How to Beat Younger Players DVD PLUS Modern Chess Ideas E-Book
How to Beat Younger Players
Chess is turning into a young man''s game. Time limits are faster, sessions last longer, and computer databases, and playing engines seem to dominate opening preparation. Add the fact that older players often have jobs and families, that take up most of their time, and it's no surprise they suffer painful defeats at the hands of spotty youths.
Nigel Davies is no stranger to this situation; a more mature Grandmaster who refuses to grow old with dignity, he is still slugging it out with young players in tournaments and matches. On this DVD he argues that an older player with very little time, can nonetheless remain competitive, but only if he uses guile and common sense rather than bluster and machismo. There are several aspects to Davies' plan, for example, using "low maintenance openings", seeking out particular types of position, making the endgame your hunting ground and looking after your health. He goes on to show how several great players have used such techniques to make outstanding results in their 60s and even 70s. Video running time: 3 hours.
Nigel Davies has been a Grandmaster since 1993, and is a former British Open Quickplay and U21 Champion. With more than 30 years international tournament experience, he is well versed in the various tactics that can be used.
System requirements: Pentium-Processor at 300 Mhz or higher, 64 MB RAM, Windows XP, Windows Vista, DVD drive, mouse, soundcard.
Modern Ideas in Chess
by Richard Reti
A ChessCentral E-Book
Here is Richard Reti's classic manifesto of the hyper-modern movement, a book called by H. Golombek "the most important contribution to the literature of chess since Tarrasch's 300 Games of Chess." Indeed, nothing like Modern Ideas has ever been attempted, before or since - a call for independent thinking, and a self-conscious break with established modes of play. Once seen as dangerous and radical, the views expressed here have become second nature for today's player. In this book "Reti has concentrated the essence of the modern view of the game, and...no expert will be found so foolish nowadays as to quarrel with his conclusions," says Golombek.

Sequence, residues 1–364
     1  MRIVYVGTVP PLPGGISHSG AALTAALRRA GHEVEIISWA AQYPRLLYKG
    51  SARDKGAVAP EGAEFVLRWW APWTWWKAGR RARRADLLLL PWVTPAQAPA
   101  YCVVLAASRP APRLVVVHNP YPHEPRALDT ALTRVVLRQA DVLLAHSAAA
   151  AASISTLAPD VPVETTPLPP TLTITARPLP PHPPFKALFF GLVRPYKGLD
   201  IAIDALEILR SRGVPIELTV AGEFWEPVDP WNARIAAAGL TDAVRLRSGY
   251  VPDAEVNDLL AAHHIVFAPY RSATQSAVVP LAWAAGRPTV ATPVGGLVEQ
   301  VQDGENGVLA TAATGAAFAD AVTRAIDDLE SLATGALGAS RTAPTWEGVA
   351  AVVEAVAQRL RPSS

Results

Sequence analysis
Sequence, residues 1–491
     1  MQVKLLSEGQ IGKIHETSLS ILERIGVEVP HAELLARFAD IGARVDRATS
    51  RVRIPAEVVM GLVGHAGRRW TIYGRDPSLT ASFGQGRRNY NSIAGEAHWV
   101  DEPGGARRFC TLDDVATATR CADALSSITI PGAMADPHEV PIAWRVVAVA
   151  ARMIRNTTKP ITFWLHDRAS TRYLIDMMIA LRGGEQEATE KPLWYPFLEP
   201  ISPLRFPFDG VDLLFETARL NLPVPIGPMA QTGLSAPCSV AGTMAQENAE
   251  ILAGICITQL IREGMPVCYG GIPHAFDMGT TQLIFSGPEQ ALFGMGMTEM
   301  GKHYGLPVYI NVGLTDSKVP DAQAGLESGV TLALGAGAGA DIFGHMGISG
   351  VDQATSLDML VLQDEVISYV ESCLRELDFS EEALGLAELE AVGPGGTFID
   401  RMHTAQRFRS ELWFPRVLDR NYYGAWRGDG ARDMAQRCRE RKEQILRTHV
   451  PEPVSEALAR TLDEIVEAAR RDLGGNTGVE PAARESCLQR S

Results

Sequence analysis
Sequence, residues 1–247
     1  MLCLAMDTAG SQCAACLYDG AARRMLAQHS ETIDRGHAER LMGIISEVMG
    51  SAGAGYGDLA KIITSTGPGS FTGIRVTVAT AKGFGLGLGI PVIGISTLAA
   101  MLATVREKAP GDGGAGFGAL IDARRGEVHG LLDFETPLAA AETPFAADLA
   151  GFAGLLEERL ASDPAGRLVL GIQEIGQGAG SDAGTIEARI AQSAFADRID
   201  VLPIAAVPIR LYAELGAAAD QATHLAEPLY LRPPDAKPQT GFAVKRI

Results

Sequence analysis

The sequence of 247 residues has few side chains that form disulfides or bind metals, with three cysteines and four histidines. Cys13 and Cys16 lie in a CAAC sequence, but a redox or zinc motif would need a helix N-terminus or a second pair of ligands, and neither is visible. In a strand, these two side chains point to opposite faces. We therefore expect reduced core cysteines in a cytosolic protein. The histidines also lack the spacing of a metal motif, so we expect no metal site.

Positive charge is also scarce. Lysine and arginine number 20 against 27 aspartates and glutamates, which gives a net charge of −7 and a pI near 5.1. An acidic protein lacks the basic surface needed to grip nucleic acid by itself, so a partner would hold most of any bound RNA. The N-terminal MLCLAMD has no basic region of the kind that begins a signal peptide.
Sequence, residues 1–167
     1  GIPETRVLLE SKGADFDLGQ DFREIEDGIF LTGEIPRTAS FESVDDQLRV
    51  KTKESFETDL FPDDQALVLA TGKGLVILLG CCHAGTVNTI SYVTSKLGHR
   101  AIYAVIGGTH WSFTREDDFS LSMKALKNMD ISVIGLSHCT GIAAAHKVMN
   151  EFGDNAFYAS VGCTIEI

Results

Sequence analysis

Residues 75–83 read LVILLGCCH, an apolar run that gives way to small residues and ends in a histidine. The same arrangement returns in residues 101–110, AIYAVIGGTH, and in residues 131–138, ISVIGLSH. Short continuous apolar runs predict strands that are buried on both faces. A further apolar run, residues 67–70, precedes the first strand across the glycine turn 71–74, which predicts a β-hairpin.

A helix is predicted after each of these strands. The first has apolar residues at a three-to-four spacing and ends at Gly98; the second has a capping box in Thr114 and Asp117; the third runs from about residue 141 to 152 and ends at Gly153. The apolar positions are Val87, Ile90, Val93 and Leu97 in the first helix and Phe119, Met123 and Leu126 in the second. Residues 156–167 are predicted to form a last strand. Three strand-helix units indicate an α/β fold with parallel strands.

Reti describes the hypermodern school by first placing it in historical context, and so we are treated to a splendid overview of previous eras in chess. Through games and examples we encounter the masters of rapid development, Morphy and Anderssen, and learn how they gave way to the positional theories of Steinitz. The refinement of these ideas ushered in the age of technicians, the correctness of Rubinstein and Capablanca, and the perfecting of technique. Then the inevitable backlash and search for dynamism is taken up, and we see the eclectic individualism of Alekhine, Schlechter, and Breyer - the hypermoderns tied to no dogma or creed, who take what they need from the past to tackle each unique game.
But it is Reti's style and passion which has assured a lasting place for Modern Ideas in Chess. Again we hear from Golombek: "Whether he is describing with poetic fervor the charm of Schlechter's style, depicting the metallic brilliance of Capablanca's technique, explaining how masterly combinations are conceived over the chess board or tracing the history of succeeding schools of chess, Reti's faculty of fixing the reader's interest is unsurpassed."
A textbook, a treatise, a call to arms - however we style it, Modern Ideas in Chess belongs on the top shelf of your digital library! Now you can own this classic, complete with all commentary and annotations - even a photo of Reti himself - tastefully rendered as a ChessCentral e-book. Download your copy today!
You will need ChessBase 6.0 or higher, or Fritz (Komodo, Houdini, etc), or download the free ChessBase Reader here. Also: Pentium 1 GHz, 512 MB RAM, Windows 10, 9, Vista, or Windows XP (Service Pack 2)